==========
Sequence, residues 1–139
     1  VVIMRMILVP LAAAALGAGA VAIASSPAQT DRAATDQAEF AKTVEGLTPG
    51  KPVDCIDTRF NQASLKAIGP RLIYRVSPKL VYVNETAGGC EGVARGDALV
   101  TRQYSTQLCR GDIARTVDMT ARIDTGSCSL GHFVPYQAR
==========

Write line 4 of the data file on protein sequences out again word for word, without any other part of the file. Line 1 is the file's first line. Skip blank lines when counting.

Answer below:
   101  TRQYSTQLCR GDIARTVDMT ARIDTGSCSL GHFVPYQAR